2015 is Scotland’s Year of Food and Drink – a 12-month EventScotland and VisitScotland sponsored celebration of the country’s natural larder and Scottish producers of quality cuisine and beverages. To get your year-long eating and drinking odyssey off to a suitable start, here’s a round-up of five of the best craft beer brands made in Scotland and a recommendation as to where in Edinburgh you can sample each boutique brew fresh from the fridge or tap.
Now a centre for independent arts, science and creativity, before that a veterinary college, Summerhall near the south east corner of the Edinburgh Meadows was a brewery in the 1800s – and now it houses a brewery again in the form of Barney’s. Using traditional, 100% natural brewing techniques, this characterful little company makes a smart suite of mid-strength colourfully branded brews including their signature Good Ordinary Pale Ale and occasional batches such as Eteaket Lapsang Porter (not to mention the odd collaboration with local rock icons).
Find Barney’s beers at The Royal Dick @ Summerhall, 1 Summerhall, EH9 1QH.
Having successfully put the Clackmannanshire town of Alloa – Scotland’s former ‘beer capital’ in the 18th and 19th centuries due to its density of breweries – back on the map over the last decade, Williams Bros have been nothing short of a revelation on the Scottish craft brewing scene. Originally founded in Glasgow as a homebrew shop making ancient ‘Fraoch’ Heather Ale, the family-run company went for broke in 2004 after taking over the old Forth Brewery in Alloa. Since then their beers have found their way into most of the best bars, pubs and restaurants in Scotland, and even major supermarkets. Their range grows all the time – almost 30 recipes and counting – but you can’t go far wrong with staples such as Joker IPA and Cock O' The Walk red ale.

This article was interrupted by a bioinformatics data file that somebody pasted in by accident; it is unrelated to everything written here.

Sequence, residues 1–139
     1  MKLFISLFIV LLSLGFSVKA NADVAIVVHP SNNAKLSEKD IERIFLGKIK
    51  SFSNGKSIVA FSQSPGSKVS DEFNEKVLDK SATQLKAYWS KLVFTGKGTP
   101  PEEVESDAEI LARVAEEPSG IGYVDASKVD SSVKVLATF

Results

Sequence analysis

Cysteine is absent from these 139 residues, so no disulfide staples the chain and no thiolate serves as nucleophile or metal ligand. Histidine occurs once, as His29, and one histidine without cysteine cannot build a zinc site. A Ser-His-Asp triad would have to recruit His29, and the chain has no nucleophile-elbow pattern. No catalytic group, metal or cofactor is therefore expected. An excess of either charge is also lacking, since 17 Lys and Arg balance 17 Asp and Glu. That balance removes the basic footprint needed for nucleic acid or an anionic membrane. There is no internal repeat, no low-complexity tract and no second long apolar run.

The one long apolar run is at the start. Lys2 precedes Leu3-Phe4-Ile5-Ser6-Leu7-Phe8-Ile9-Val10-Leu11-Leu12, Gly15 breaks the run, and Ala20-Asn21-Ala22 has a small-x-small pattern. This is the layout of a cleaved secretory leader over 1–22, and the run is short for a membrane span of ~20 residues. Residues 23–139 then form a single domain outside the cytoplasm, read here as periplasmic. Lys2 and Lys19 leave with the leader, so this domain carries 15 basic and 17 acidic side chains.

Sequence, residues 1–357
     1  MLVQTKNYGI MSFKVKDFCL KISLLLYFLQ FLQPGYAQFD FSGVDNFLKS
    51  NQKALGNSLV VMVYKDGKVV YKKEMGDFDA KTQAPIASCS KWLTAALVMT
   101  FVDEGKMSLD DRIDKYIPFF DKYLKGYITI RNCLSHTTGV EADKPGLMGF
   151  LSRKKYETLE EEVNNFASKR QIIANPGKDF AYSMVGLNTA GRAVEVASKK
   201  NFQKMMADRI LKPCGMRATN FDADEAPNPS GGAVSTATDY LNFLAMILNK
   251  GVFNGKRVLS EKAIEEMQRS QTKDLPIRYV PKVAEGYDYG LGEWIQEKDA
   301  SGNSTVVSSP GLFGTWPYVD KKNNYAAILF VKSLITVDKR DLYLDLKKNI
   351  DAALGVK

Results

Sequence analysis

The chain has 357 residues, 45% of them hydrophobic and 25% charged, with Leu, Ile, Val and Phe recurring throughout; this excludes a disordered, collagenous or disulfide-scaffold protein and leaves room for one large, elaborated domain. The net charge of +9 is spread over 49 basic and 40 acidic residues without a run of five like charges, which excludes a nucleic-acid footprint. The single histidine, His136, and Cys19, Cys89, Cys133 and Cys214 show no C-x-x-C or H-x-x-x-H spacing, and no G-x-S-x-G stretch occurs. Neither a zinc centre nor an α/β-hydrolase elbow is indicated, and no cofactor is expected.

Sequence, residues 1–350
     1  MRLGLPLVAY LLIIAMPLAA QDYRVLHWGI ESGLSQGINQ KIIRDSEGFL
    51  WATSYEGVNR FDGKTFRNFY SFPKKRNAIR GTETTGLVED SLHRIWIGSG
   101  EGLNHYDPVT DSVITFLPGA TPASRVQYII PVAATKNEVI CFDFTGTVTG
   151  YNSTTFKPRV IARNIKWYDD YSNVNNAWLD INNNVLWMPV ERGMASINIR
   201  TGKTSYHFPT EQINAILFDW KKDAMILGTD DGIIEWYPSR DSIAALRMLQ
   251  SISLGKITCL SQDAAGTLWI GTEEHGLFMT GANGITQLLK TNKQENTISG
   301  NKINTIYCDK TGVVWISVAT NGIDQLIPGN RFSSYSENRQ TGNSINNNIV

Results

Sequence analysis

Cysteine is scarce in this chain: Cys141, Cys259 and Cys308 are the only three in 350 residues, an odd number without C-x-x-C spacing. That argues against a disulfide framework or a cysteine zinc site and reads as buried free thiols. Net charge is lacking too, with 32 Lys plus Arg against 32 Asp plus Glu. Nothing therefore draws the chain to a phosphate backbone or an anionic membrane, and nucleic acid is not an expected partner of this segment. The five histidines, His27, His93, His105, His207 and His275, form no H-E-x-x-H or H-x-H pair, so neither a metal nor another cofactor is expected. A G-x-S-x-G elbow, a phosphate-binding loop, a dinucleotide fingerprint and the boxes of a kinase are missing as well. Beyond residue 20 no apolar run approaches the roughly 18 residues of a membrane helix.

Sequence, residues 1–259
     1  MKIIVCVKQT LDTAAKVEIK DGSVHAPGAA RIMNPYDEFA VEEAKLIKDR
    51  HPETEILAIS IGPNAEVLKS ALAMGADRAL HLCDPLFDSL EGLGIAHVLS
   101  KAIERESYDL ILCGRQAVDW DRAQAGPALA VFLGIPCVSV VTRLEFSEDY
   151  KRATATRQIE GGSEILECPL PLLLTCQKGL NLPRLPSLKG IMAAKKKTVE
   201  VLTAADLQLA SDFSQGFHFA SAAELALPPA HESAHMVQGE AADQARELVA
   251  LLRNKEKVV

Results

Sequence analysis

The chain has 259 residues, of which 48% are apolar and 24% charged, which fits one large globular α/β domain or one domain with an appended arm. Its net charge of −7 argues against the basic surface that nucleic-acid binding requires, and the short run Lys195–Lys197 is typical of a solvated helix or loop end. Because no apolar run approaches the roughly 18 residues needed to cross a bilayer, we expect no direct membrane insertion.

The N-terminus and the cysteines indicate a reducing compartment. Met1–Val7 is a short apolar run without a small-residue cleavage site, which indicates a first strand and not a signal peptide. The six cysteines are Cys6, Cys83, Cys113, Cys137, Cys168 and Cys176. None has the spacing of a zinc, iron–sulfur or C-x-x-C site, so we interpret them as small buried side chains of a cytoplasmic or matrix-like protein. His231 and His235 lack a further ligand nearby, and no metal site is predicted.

Find Williams Brothers beers at Holyrood 9A, 9a Holyrood Road, EH8 8AE.
A marriage of mutual convenience between Williams Bros and Tennents, Drygate is situated partly in a 1930s-era former box factory beside the Tennents brewery in the East End of Glasgow. A so-called ‘experiential’ micro-brewery (you can watch the brewers at work through a glass partition from the comfort of the brewery bar-restaurant), it unites all the quality and class Williams has come to be recognised for with the rich resources a big brand partner can bring to the table. As well as experimental, small-batch brews such as, say, the 7.1 percent Ryebock Classics malted rye-heavy German bock lager, Drygate’s ‘core’ offerings include Bearface Lager, the unusual Outaspace Apple Ale, and the gorgeous Gladeye IPA, each with funky labelling designed by Glasgow School of Art students.
Find Drygate beers at The Vintage, 60 Henderson Street, Leith, EH6 6DE.
Built in 2011, the first casks of rolled out of small family-run company Cromarty’s custom-built brewery on a panoramic vista overlooking the Cromarty Firth north of Inverness just in time for Christmas that year. They’ve barely stopped rolling since, with demand ever-growing for a range of brews which, now three years on, has grown to nearly 30 varieties, some core (New Wave Pale Ale, Coffee Infused Stout) and some rare (Eisbocked Chilly Chappy, kiwi fruit infused KiWheat).
Find Cromarty beers at The Hanging Bat, 133 Lothian Road, EH3 9AB.
Staking a claim as ‘Edinburgh’s local, independent brewery’, Stewart – founded by husband and wife team Steve and Jo Stewart – has certainly been on the scene longer than many, with its origins going back to 2004. Within a few short years they were already brewing to capacity, and so moved to a custom-built facility at Loanhead in 2013, where they produce five regular cask ales – including Edinburgh Gold continental bier, Holyrood pale ale and Embra amber ale, mulit-award winners among them – along with a range of monthly specials and a fast expanding range of bottled beers.
Find Stewart beers at Cloisters, 26 Brougham Street, EH3 9JH.